Effects of heat treatments on the safety and nutritional properties of whole grain barley

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Boyd, Lindsey
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Health claims for barley β-glucan (BG) have prompted the development of more food products using barley. Some new products do not use any form of heat treatment which could become an issue as barley has been found to have high microbial contamination. The aim of this research was to evaluate current commercial barley products for microbial and BG quality and determine the effects of different heat treatments on the safety and physicochemical properties of BG of whole grain barley. Three heat treatments (micronization, roasting and conditioning) were performed on 3 cultivars of barley (CDC Rattan, CDC McGwire and CDC Fibar). The microbial quality was measured with standard plate count (SPC), yeast and mould (MYC), and coliforms/E. coli. Only 4 of the 17 commercial barley products tested met acceptable microbial limits used in this study. All 3 heat treatments reduced SPC, MYC and coliforms to acceptable levels. BG was extracted using an in vitro digestion method to determine its viscosity, molecular weight (MW) and solubility. Heat-treated barley increased the BG viscosity and MW compared to the untreated barley. The effect of heat treatment on starch pasting, particle size and colour were also evaluated. Overall, heat treatments improved the safety and potential health benefits of whole grain barley.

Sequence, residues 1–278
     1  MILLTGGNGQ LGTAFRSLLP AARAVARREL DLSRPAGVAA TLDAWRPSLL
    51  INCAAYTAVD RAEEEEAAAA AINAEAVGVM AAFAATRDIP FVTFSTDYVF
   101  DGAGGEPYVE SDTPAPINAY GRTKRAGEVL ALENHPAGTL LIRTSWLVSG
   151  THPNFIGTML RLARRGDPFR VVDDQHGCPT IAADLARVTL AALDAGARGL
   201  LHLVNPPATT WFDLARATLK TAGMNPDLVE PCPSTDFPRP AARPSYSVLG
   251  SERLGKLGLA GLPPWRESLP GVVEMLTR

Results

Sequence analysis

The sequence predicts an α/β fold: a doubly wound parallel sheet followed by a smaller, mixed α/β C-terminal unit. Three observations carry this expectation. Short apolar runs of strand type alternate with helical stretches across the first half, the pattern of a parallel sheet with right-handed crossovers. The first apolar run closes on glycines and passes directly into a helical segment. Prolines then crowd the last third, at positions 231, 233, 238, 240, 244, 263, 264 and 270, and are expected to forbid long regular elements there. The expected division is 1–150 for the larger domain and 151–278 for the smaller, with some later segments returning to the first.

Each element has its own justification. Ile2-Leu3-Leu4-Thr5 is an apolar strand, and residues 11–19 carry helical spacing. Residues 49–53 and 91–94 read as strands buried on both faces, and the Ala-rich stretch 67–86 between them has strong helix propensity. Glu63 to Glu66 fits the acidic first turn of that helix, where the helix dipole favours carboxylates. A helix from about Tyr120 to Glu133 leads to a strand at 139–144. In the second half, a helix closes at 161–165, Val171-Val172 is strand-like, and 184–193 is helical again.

Barley, Heat treatments, Microbiology, Safety, Beta-glucan, Viscosity, Molecular weight, Particle size, Colour, Starch Pasting, Whole grain, Kilning, Micronization, Roasting, Steam